Lumped together, all of this hardware weighs only between 3 and 6 ounces. That's a lot of computing power jammed into a package that won't strain your neck. On the next page we'll show you more about how the pieces come together for a breakthrough product.
If you've used any sort of product with voice-activated commands, such as a smartphone, you know that voice-recognition systems can be, well, finicky and frustrating at best. Kopin is betting that Golden-i's voice-recognition system will overhaul your opinion of voice input.
Kopin says that the voice-recognition software is so advanced that it understands commands 99% of the time, and that the microphones work accurately even in environments with a lot of ambient noise. Jeff Jacobsen, senior advisor to Kopin's CEO, says that you can wear Golden-i into a deafeningly noisy bar, speak in your normal voice, and the device will have no problem understanding your command. Currently, it works with 26 languages but that number will climb to 50 in the near future.
The key to the accuracy is Kopin's mutating algorithm, which works in tandem with Nuance's recognition software. As you speak to Golden-i, that algorithm actually learns how you pronounce vowels and consonants. Within the first 30 commands or so, it has a very good idea of how to link the sound of your specific voice with specific commands, no matter which language you speak or what sort of accent you may have.
The voice system's accuracy learns quickly in part because it's context driven. As with a regular computer, there are only so many commands available to you on any particular screen. Golden-i knows this, and it learns to link certain vocal sounds to each successful command on a particular menu.
The gesture detection system is ultra-accurate, too. Inside Golden-i is a 4mm cube containing three accelerometers, three gyroscopes and a magnetometer. Together they track your head's motion so closely that you can guide an on-screen cursor to a single pixel.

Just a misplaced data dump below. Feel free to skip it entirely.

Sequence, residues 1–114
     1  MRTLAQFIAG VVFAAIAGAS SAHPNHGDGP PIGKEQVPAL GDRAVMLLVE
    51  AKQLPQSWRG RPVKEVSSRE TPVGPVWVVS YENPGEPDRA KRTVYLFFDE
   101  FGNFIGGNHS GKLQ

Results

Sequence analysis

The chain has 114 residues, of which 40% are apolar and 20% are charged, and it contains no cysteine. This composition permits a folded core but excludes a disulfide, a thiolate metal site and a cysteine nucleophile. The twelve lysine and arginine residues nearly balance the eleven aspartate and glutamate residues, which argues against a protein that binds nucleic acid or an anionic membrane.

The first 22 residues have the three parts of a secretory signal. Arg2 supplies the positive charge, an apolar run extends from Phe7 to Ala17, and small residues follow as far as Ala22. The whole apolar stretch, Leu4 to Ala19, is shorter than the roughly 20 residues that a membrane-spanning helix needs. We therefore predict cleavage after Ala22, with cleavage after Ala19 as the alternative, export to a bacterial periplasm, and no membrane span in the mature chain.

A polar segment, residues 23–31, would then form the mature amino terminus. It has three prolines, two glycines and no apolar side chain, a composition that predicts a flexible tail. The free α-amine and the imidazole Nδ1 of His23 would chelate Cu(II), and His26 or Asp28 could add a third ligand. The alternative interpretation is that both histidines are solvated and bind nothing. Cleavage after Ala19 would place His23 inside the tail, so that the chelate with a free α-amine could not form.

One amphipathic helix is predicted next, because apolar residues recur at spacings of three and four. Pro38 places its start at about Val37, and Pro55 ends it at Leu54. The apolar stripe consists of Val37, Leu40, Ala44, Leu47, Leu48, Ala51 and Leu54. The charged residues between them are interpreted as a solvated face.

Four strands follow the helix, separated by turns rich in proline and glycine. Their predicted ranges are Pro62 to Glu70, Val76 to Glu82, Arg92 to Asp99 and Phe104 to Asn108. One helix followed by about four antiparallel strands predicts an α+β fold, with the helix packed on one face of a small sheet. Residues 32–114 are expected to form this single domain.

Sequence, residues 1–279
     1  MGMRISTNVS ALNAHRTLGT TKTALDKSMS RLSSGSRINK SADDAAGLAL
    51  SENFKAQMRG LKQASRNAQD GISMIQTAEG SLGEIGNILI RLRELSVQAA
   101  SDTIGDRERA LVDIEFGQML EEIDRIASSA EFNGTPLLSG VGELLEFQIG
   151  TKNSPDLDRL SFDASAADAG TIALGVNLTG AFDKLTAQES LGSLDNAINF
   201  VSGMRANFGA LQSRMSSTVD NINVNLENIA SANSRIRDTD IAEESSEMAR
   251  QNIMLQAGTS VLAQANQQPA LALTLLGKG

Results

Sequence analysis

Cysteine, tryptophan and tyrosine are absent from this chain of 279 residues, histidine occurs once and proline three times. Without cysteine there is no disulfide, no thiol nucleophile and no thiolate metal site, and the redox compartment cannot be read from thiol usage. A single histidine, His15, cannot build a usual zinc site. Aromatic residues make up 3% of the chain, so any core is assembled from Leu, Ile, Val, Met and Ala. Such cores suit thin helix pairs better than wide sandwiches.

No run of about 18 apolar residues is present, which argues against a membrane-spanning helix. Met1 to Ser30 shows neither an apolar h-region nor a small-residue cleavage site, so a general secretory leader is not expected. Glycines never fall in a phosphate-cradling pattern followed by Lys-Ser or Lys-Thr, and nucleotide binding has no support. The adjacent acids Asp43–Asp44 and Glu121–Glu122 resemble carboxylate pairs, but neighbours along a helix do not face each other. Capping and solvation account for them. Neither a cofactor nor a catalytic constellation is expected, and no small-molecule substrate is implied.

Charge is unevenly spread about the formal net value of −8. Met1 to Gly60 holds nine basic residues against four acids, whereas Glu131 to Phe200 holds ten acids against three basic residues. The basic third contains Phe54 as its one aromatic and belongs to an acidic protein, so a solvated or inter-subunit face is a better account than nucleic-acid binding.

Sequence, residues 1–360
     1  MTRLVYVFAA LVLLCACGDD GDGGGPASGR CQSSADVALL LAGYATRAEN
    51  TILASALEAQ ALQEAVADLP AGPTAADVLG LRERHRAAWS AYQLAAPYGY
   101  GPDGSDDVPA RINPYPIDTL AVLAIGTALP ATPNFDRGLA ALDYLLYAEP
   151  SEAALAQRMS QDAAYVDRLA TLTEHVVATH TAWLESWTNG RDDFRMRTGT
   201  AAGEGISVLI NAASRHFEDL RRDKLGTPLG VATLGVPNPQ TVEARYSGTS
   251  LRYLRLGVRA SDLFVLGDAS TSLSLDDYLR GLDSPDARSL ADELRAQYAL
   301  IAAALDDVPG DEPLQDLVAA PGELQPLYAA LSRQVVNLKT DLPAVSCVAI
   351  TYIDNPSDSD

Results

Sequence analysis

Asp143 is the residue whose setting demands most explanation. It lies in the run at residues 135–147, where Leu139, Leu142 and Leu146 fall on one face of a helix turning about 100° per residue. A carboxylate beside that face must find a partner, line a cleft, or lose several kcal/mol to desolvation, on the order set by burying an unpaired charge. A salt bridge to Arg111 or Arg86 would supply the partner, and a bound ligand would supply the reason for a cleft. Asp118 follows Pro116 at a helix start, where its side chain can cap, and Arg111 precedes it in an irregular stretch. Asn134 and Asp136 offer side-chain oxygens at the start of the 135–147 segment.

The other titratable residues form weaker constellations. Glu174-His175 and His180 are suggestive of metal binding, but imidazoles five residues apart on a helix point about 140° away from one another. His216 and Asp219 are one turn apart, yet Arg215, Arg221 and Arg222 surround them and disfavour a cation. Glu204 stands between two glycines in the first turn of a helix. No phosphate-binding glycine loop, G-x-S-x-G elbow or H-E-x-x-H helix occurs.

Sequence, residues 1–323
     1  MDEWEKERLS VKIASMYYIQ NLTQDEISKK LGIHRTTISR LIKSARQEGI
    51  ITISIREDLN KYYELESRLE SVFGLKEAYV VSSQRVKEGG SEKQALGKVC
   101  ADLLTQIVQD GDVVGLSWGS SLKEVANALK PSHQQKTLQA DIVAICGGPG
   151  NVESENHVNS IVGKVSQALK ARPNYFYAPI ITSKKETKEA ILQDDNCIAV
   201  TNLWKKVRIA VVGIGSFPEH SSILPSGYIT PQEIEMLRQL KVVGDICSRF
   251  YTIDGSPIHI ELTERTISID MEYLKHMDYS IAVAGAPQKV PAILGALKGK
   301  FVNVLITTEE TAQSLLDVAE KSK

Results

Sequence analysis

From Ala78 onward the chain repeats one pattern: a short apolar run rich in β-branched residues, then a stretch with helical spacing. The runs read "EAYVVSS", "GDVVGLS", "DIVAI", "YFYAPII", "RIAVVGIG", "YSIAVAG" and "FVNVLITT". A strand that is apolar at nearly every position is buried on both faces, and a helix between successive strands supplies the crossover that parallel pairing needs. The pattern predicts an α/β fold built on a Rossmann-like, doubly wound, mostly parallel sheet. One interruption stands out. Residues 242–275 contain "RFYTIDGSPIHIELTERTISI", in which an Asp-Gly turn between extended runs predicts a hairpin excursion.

Kopin skipped cheapo Web cams for Golden-i. If you so choose, you can select cameras with image stabilization, infrared vision and other high-end options. Right now, each headset costs around $2,500. But Golden-i is an evolving product and you can expect to see more affordable versions, including one that may run on Google's Android operating system.
These days, Bluetooth headsets, smartphones and tablets are the face of mobile computing. Perhaps the next step is a head-mounted computer. With Golden-i, you might soon have a totally hands-free way to complete almost any computer-assisted task you can dream of.
Admit it. Like a lot of other readers, you might think the idea of a head-mounted computer is too far-fetched. Not only will the input system be awkward, but the device itself would make you look ridiculous in public. Even in the privacy of your home, that geeked-out headwear might frighten the cats for days.
But let's make the assumption that Golden-i really is as universally useful as its creators believe. That kind of digital power might trump any fashion faux pas. Smartphones and tablets may be all the rage right now, but hands-free computing might just be the next revolution.